As we move into the much-needed Fall weather, I am gearing up for cold weather crops. Already the shift is apparent at the farmers market. Apples are in full swing and peaches are almost done. I am scrambling to get my fill of both. Likewise, greens and squash are showing up. The local farmers who set up here each week are offering a winter CSA this year, to run from mid-October until the beginning of March. Traditional cold weather produce will be available, but they also will supplement their local-grown fare with other small-farm produce in the later part of the season. This is an interesting take on the CSA. While I am used to seeing the local small farms offer summer shares and early fall shares, with their locally-grown produce and often eggs, honey, flowers, and mushrooms, I like the idea of buying into a winter CSA that not only supports the local farm community, but also brings in other, small (but not necessarily local) produce that will benefit other farms from the expanded market. This, to me, maintains the local feel and small-farm community connection.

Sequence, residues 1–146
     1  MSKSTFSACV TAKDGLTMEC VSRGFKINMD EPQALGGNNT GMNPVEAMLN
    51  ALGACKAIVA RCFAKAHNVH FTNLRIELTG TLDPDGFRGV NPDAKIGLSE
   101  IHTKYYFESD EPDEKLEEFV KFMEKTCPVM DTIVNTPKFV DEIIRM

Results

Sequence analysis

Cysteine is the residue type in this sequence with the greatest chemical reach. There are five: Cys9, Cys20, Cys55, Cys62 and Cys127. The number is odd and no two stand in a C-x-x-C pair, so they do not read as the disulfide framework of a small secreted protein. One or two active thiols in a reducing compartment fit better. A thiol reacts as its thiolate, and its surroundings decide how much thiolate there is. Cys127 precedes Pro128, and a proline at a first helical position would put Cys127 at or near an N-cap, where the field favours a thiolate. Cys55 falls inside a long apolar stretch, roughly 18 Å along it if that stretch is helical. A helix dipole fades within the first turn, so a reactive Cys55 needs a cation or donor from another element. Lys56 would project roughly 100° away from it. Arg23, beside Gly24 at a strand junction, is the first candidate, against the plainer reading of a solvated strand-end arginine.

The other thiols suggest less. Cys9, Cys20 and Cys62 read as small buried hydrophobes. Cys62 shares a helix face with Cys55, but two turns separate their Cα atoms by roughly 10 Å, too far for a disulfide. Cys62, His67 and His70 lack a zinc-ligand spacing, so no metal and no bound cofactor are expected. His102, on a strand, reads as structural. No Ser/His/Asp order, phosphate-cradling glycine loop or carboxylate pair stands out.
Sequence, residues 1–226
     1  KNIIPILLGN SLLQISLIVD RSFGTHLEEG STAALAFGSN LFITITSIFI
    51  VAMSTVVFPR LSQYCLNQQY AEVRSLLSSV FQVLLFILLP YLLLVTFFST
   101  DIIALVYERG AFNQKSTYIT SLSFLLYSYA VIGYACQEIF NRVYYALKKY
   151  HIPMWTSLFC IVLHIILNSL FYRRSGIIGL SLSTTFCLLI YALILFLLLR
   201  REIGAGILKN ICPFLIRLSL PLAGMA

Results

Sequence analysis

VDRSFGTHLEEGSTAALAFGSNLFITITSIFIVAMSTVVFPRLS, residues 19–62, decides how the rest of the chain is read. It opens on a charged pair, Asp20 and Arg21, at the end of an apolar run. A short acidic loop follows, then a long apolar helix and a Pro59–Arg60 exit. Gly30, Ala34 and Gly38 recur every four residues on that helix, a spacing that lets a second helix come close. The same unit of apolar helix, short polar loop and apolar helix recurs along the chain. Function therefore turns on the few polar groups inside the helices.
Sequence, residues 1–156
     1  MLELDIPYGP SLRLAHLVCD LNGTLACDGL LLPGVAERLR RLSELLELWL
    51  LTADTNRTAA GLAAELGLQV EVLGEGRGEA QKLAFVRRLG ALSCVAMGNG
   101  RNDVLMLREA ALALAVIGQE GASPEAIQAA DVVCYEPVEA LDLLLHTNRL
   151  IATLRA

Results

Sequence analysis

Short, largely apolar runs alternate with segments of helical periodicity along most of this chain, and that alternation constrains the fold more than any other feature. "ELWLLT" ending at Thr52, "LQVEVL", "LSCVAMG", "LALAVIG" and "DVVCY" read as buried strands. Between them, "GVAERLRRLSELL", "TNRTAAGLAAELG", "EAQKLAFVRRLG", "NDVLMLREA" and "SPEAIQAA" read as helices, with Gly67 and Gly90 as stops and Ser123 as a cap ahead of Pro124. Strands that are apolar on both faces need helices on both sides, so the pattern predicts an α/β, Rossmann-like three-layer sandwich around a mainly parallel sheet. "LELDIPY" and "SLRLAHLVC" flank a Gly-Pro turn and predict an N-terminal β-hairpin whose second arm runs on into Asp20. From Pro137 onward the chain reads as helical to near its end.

One thing that I am looking forward to with the change in seasons is the chance to try new recipes. While I love to cook and try new recipes, I admit that I often get stuck in food jags, mainly due to a hectic work and home schedule. I will make the same handful of dinners because I have the routine down perfectly and I know my family likes them. Experimenting with new items really only occurs on the weekends, and not as often as I would like if there are a lot of other things going on. One reason I am excited about the winter CSA is the change in produce choices from what I might normally shop for. What I have come to realize is this: you only really need one good recipe to introduce a new item into your repertoire. Spicy greens, root vegetables, winter squashes – lots of new things to try at home. For example, while I love spinach, I have never really cooked with other dark leafy greens, not because I did not like eating them, but because I hadn’t come across a recipe that really caught my eye. Then, this past winter I found a simple recipe that combined Chard (and easily substituted with kale or collards) with sausage and cannellini or great northern beans, and now I am totally hooked. I cook this particular dish a couple times a month and it’s now a family favorite. I think I will have a lot of fun experimenting with winter squash recipes. I love summer squash, and steamed yellow crookneck squash and zucchini are always a hit in my house, but the winter squashes definitely get less exposure. I enjoy making a simple dish of spaghetti squash topped with a simple mix of tomatoes, peppers, and vegan sausage. But there is such a variety out there to try. I just need to search for recipes that my family will enjoy.